Is there a relation between the mass of a satellite and its orbital altitude? I mean, will a heavy satellite orbit at a higher or lower altitude than a lighter one, considering everything else being equal?
While this question betrays a serious lack of understanding of physics, it's also a common lack of understanding, so I think it is in a way a good question.
We are used to helium balloons floating up into the air, wood floating on the surface of water, and cannon balls sinking to the bottom of the sea.
Intuitively, when we think of things "floating" in space we try to do it with the analogy of buoyancy because that's what we are used to, but the physics of buoyancy simply do not apply in a vacuum where there is no air or water pressure to "bouy" an object up.
When an object is in space, it is actually in perpetual freefall, nothing is holding it up against the force of gravity and it is constantly falling towards Earth with no resistance whatsoever, the force of gravity is unopposed. Because there is no resistance, the material properties of the object simply do not matter, explanations of this often involve a feather compared with something heavy.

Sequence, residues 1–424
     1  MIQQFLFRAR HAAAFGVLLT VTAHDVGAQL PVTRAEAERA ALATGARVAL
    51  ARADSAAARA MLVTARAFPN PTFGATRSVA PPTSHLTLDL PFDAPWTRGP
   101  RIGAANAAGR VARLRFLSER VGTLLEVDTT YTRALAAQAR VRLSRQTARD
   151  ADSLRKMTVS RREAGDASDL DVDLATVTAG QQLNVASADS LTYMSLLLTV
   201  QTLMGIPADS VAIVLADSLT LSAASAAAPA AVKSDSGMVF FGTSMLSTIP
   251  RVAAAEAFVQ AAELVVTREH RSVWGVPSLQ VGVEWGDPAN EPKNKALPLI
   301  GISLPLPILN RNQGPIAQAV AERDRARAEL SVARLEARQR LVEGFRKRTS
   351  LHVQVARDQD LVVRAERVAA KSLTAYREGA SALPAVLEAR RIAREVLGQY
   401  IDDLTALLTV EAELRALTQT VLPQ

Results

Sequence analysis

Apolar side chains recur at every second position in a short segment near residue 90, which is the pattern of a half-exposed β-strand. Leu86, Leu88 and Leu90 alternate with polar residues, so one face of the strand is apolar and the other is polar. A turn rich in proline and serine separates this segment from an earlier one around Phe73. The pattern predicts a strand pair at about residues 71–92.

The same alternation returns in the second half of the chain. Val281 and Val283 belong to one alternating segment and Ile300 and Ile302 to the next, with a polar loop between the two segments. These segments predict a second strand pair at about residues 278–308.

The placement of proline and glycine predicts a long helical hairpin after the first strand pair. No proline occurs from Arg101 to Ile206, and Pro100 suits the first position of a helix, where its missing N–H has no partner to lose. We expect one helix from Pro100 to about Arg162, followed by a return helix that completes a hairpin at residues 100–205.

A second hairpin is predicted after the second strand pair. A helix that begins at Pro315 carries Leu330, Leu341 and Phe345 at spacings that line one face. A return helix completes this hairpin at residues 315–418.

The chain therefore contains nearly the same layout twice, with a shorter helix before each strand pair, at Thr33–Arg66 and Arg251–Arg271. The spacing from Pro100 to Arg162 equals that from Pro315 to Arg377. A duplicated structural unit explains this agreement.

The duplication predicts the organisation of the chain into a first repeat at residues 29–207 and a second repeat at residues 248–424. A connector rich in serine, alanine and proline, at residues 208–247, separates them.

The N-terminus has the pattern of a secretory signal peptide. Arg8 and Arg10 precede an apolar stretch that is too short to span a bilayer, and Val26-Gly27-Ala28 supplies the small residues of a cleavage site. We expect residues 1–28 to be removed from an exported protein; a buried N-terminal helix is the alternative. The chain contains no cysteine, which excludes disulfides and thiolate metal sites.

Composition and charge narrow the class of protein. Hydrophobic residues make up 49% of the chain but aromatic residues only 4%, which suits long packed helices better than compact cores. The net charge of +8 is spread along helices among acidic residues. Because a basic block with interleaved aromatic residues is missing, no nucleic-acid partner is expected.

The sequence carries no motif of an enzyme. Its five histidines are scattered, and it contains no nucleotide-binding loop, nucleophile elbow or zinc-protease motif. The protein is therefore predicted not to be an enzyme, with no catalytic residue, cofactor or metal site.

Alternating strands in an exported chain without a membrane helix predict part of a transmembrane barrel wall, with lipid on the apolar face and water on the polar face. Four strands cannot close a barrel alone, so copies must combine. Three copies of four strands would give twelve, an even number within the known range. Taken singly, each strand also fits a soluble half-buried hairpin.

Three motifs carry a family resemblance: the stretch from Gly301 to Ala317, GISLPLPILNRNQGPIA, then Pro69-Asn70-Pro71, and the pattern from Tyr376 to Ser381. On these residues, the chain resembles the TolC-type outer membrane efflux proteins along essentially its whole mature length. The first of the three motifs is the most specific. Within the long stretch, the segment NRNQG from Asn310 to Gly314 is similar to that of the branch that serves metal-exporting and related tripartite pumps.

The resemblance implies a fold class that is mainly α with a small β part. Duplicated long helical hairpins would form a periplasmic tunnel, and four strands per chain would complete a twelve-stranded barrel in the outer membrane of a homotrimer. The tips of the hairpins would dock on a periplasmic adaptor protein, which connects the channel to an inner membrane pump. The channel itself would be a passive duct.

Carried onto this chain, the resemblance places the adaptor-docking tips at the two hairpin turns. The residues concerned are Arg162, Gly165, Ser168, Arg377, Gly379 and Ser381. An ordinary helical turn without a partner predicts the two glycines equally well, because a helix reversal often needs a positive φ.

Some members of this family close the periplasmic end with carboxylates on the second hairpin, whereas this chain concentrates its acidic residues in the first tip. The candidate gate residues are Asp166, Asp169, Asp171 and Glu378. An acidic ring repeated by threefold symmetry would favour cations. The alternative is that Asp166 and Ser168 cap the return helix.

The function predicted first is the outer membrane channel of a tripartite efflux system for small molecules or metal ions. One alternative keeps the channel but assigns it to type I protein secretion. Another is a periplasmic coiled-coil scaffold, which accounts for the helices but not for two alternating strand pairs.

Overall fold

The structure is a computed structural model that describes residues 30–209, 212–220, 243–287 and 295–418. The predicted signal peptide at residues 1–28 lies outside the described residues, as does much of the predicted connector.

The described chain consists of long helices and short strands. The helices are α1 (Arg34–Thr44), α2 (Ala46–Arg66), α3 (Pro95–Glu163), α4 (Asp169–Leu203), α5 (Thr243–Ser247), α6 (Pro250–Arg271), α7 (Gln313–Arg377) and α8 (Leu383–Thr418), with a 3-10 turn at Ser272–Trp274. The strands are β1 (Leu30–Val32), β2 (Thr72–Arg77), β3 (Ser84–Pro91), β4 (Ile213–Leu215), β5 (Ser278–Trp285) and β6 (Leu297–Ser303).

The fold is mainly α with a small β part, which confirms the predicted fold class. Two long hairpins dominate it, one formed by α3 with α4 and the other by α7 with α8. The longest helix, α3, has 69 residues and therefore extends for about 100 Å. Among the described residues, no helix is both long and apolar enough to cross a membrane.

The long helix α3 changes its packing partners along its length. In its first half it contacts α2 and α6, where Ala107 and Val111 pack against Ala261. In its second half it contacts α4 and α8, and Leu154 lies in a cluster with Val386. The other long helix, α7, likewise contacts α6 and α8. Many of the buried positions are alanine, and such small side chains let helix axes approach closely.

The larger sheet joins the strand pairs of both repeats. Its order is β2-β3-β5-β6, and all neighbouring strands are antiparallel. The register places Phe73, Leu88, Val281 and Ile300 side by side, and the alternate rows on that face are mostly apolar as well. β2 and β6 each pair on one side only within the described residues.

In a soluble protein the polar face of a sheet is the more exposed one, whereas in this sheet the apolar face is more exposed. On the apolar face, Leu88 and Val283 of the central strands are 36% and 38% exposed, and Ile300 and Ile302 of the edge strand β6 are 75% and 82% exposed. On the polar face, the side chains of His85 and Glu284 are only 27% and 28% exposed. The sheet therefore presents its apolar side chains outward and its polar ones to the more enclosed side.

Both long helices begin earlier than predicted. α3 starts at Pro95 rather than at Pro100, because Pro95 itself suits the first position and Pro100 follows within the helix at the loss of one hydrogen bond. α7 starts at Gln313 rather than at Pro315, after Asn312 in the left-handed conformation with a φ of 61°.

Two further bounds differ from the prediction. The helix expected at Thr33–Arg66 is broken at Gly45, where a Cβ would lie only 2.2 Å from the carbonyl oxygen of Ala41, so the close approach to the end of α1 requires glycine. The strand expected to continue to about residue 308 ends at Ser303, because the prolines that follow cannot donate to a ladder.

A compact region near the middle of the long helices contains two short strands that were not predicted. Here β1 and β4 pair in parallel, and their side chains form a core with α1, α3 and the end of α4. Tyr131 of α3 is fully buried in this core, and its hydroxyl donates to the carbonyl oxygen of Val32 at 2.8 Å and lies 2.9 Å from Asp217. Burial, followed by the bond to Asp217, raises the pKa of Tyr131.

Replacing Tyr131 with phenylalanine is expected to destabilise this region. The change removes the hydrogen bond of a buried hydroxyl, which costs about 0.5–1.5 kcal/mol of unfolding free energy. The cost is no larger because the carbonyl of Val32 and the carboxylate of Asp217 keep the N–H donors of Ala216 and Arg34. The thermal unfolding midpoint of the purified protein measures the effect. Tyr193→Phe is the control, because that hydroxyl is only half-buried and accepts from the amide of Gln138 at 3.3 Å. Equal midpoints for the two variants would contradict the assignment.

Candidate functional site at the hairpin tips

Yet how can something be constantly falling but never reach the ground? The reason is because it is also travelling sideways at very high speeds, this causes it to take a curved trajectory that misses the earth. See Newton's cannonball for a visual example of how this kind of trajectory works.
Yes and no.
No: The equations that govern the orbit of a satellite don't say anything about weight, so if you launch a heavy satellite and a light one to the same orbit, they'll stay together.
Yes: In the equations that govern the launch of a satellite, weight is a variable. When you launch two identical rockets, one with a heavy payload and one with a light payload, the light payload will end up in a higher orbit.
The mass of the satellite definitely affects where it stays in the orbit (leo, meo or geo). Gravitational force between two objects is directly proportional to the product of their masses and indirectly proportional to the square of the distance between them. If a balloon is launched about 2km away from the Earth, it stays up. With its mass and at that distance, the gravitational force on it could be zero. Same cannot be said of a metal ball of higher mass. Objects with higher mass will require longer distance for the force of gravity to be ineffective.